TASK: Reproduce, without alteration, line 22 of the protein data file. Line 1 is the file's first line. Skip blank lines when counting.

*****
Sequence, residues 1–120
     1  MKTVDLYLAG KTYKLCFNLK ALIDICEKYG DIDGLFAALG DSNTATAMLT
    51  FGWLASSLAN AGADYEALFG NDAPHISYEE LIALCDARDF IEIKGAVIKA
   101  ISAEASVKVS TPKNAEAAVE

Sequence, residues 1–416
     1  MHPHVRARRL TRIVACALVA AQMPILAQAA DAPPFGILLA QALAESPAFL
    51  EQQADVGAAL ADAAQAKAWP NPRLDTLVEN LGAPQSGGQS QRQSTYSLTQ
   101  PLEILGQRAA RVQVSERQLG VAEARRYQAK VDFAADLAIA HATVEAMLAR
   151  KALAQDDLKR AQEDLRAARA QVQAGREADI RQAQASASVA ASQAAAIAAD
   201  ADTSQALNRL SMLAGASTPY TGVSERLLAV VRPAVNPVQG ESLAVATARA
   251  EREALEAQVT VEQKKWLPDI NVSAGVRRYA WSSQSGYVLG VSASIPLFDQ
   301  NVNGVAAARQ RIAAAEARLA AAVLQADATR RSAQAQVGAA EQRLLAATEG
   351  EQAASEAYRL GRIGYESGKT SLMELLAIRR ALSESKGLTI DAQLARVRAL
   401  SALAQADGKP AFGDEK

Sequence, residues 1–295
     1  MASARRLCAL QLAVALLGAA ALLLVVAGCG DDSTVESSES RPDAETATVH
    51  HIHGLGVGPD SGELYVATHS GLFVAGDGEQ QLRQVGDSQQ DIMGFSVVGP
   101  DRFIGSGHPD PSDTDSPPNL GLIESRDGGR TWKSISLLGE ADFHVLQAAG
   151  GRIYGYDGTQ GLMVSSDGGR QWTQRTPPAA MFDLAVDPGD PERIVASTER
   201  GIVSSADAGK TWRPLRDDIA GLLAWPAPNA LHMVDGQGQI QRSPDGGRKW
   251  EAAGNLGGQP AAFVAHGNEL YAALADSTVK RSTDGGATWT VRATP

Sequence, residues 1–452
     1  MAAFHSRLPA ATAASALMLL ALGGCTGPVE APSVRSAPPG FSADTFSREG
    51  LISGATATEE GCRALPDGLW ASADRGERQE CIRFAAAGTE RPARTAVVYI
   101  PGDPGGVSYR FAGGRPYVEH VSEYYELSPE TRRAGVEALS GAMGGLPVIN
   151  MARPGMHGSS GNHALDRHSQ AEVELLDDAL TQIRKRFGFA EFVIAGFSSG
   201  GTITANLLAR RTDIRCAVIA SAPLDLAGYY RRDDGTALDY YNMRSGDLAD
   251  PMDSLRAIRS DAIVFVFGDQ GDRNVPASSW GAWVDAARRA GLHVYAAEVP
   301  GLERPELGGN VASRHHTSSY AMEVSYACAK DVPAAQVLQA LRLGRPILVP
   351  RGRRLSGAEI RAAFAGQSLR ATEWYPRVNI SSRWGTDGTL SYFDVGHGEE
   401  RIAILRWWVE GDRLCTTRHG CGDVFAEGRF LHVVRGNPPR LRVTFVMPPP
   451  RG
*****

Sequence, residues 1–452